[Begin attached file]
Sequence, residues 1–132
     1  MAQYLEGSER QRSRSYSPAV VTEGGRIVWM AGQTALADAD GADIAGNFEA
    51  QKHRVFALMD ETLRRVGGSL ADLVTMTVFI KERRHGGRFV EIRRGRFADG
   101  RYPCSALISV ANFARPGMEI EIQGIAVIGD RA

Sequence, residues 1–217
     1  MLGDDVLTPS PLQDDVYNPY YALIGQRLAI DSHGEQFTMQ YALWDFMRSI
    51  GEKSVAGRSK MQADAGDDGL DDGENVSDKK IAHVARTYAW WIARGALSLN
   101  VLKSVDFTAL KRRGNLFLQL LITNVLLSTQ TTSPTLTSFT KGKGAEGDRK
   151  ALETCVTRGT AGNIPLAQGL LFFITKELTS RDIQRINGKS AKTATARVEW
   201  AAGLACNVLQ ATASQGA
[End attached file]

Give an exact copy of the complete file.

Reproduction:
Sequence, residues 1–132
     1  MAQYLEGSER QRSRSYSPAV VTEGGRIVWM AGQTALADAD GADIAGNFEA
    51  QKHRVFALMD ETLRRVGGSL ADLVTMTVFI KERRHGGRFV EIRRGRFADG
   101  RYPCSALISV ANFARPGMEI EIQGIAVIGD RA

Sequence, residues 1–217
     1  MLGDDVLTPS PLQDDVYNPY YALIGQRLAI DSHGEQFTMQ YALWDFMRSI
    51  GEKSVAGRSK MQADAGDDGL DDGENVSDKK IAHVARTYAW WIARGALSLN
   101  VLKSVDFTAL KRRGNLFLQL LITNVLLSTQ TTSPTLTSFT KGKGAEGDRK
   151  ALETCVTRGT AGNIPLAQGL LFFITKELTS RDIQRINGKS AKTATARVEW
   201  AAGLACNVLQ ATASQGA